Anthropologists, physiologists, medical experts of all stripes have come to the towns of Eldoret, Kaptagat and Iten in search of the "secret" behind Kenya's success. Other athletes have also come. Irish, Dutch, American and German runners have all set up bases here in the past year.
They are attracted by the altitude – Iten is 8,000 feet above sea level – as well as the warm but not oppressive climate. However, despite following the same training programmes as the local runners, few foreigners have come close to beating them.
Some university studies have suggested the physiology of the small, wiry, Kalenjins has something to do with it. But one of the country's most successful coaches, Brother Colm O'Connell, thinks it is far more simple than that. "Athletics is a sport that suits people who don't have much money. And people here don't have much money. Nobody has put their finger on it yet but it is definitely more nurture than nature."
Brother Colm does not look like the sort of man who has trained more than half a dozen Olympic champions. The small, rotund Irishman from Cork came to Kenya in 1976 to teach geography at St Patrick's boarding school on the outskirts of Iten.
A colleague asked him to help train a few schoolchildren. "I said I know nothing about. He said 'you'll learn'." He developed a training programme by reading coaching books and watching his young stars perform. By the mid-1980s some of his former students had reached the Olympics. The first gold medal came at the 1988 Seoul Olympics when Peter Runo won the 1,500-metre race.
Matthew Birir won steeplechase gold at Barcelona in 1992, while Ruben Kosgey won the same event in Sydney in 2000.
Wilson Kipketer, a Kenyan-born 800-metre runner who took Danish citizenship, broke Sebastian Coe's world record, while Brother Colm's most recent charges include Janet Jepkosgei and Bremin Kiputo who both won gold at Osaka.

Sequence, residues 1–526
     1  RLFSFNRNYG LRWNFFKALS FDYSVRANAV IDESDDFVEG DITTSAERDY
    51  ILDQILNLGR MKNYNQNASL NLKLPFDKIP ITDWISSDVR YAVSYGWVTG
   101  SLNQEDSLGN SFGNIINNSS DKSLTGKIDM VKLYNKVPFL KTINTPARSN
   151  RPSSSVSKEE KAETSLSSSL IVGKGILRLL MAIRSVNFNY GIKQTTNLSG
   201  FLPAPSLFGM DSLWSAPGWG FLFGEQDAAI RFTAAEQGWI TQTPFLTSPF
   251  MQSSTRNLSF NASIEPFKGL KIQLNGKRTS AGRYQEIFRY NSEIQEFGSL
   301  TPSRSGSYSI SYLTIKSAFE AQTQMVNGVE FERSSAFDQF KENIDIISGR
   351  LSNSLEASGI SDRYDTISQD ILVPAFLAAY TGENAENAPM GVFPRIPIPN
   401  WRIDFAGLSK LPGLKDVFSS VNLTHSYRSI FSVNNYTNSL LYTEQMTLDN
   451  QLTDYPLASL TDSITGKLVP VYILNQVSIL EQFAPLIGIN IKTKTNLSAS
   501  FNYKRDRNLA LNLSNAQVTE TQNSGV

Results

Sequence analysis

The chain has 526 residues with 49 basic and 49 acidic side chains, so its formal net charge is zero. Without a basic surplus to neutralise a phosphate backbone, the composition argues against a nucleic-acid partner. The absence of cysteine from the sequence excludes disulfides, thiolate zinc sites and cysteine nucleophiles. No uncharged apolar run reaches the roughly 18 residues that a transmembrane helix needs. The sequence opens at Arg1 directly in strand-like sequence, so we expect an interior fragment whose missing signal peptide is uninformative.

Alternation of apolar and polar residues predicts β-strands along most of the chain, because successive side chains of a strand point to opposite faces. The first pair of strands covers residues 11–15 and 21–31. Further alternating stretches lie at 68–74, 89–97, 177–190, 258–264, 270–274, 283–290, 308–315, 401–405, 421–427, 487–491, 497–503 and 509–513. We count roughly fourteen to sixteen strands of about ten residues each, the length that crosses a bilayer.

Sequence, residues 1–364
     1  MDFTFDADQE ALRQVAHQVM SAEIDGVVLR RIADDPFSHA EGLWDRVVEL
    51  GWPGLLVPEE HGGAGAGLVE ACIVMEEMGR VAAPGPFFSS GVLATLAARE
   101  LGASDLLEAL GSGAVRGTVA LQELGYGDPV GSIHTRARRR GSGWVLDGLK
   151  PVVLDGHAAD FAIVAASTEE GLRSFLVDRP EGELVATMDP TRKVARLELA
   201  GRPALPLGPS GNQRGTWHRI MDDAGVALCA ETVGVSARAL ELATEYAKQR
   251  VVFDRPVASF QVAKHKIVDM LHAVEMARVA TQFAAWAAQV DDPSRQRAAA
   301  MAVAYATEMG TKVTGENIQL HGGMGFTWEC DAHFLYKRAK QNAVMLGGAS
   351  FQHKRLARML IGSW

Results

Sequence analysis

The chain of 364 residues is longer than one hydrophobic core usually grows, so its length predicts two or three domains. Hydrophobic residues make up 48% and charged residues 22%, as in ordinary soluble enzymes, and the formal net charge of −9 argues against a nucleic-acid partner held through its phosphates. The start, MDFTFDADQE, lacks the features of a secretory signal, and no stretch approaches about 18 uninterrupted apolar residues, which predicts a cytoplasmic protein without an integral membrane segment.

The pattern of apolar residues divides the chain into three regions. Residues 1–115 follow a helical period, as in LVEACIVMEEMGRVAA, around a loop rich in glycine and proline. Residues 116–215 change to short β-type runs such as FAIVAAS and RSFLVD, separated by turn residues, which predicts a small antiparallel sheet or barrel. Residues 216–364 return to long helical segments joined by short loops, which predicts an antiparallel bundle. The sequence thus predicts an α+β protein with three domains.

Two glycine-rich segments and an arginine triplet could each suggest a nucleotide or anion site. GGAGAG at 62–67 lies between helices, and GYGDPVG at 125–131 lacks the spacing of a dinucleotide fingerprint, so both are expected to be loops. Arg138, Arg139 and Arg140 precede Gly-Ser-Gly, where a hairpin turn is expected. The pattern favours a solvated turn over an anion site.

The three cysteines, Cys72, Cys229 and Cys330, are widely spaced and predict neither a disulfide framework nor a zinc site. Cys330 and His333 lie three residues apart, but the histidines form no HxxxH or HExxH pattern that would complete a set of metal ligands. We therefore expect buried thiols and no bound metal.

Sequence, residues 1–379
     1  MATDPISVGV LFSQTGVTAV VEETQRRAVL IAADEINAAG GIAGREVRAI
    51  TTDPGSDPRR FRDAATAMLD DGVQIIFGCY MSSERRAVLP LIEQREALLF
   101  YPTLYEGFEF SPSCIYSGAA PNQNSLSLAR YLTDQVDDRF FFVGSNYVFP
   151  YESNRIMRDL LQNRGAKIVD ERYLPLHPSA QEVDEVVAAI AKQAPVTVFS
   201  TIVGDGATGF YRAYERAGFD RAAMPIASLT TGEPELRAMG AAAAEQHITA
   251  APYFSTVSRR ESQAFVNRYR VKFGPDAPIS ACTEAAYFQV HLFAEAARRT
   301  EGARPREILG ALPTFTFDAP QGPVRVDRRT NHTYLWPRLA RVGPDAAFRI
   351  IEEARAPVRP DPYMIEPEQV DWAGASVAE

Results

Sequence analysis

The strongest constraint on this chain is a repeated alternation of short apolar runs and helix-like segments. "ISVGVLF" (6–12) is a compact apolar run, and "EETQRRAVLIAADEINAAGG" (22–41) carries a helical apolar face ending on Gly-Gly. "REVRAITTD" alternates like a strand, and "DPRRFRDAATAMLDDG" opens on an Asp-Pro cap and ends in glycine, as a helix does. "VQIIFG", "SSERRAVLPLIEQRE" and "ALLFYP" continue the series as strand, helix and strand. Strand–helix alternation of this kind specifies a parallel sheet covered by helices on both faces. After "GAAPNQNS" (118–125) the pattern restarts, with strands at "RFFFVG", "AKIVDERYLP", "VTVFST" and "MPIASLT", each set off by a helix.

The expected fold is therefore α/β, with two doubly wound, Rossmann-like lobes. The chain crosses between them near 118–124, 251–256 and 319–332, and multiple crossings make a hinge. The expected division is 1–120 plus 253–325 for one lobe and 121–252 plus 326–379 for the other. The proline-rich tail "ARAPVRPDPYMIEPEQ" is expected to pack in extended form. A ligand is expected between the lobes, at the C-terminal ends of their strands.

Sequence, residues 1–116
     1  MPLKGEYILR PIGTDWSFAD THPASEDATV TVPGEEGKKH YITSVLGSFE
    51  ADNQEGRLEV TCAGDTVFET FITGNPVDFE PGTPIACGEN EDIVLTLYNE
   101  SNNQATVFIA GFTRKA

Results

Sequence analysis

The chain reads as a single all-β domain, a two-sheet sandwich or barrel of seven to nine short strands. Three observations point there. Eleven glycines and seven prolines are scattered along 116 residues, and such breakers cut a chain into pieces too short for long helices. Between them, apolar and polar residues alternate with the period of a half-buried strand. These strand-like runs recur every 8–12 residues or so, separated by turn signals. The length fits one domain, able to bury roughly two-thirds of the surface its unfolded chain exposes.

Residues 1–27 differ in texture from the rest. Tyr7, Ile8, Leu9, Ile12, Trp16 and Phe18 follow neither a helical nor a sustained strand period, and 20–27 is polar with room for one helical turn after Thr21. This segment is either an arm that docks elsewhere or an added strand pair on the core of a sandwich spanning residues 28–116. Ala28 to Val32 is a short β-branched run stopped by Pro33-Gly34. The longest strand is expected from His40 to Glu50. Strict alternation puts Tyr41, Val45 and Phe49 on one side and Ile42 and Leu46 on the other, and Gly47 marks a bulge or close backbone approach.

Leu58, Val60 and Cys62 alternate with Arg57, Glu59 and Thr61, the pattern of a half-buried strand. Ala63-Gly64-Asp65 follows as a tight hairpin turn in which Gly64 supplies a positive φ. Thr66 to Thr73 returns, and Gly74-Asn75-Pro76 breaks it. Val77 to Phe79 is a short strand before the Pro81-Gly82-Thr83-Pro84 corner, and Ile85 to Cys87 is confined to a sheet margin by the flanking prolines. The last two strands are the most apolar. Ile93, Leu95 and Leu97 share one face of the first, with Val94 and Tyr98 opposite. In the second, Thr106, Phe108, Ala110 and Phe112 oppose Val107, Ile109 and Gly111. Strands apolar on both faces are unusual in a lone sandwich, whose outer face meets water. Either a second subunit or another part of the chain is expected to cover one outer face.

He now trains about 40 young athletes, mostly schoolchildren, just outside Iten. Many of the young athletes he trains run barefoot. Few can afford any proper equipment, nor can they afford the various multivitamins and minerals that professional athletes consume daily.
No matter, says Brother Colm. The simple pastoralist diet of maize, beans, meat and milk is ideal, he believes, for long distance running.
Since the sport became more professional it has also become a way out of povety. Many of the runners in the Rift Valley are sponsored by sportswear giants such as Nike and Adidas who pay for training and travel to Europe for races. "These guys don't come from rich families," says Brother Colm. "They know what hardship is."
His athletes don't benefit from a state-of-the-art training facility. There is not even a running track. "We use the natural environment," he says. "The hills and the pathways are our facilities."
His next big hope is Isaac Songok. The 23-year-old has already been a finalist at the Olympics and hopes to win a medal in Beijing. If, that is, he makes it into the team. "The national trials in Kenya are as competitive as the Olympics," he said as he lounged in the shade outside his house next door to St Patrick's school.
Songok's training schedule has been shortened by the unrest. Instead of running three times a day he has been limited to one long run in the morning. "We are fearing when we go training," he says. "We are always looking over our shoulder for trouble. We don't know if anyone will do anything to us."
But the violence has also underlined for him the importance of Kenyans winning medals at the highest level. "When we race we have a Kenyan flag on our chests, not a Kalenjin symbol. We want to do something good for Kenya, not for Kikuyus or Luos or Kalenjins."
Despite Thursday's meeting between Mr Kibaki and Mr Odinga the violence shows no sign of stopping. In the town of Nakuru yesterday, halfway between Nairobi and Eldoret, there was fierce fighting which left at least 12 people dead. The town's main bar was looted, cars were stoned and buildings burned.
Some of the roadblocks which young Kalenjin men set up around Eldoret at the start of the month are still in place. More than a dozen impromptu barriers are still on the 25-mile stretch of road between Eldoret and Iten. At one barrier, drunk men calling themselves "community police" demanded to see identification cards before they removed a rusting iron girder from the centre of the road. Rows of burnt-out kiosks line the road.
But athletes such as Korir, Kipjumba and Kapkirong are hoping for a fresh start today. The first competitive race in Kenya since the election takes place in Iten. The three men will line up alongside up to 100 other athletes in district trials, the first of three steps on the way to representing Kenya at the World Cross Country championships, which are to be held in Edinburgh in March.
"This trouble has made it difficult for us," says Korir, "but we still believe we can do it. I would be very proud if I could represent Kenya. It would be a dream."Reuse content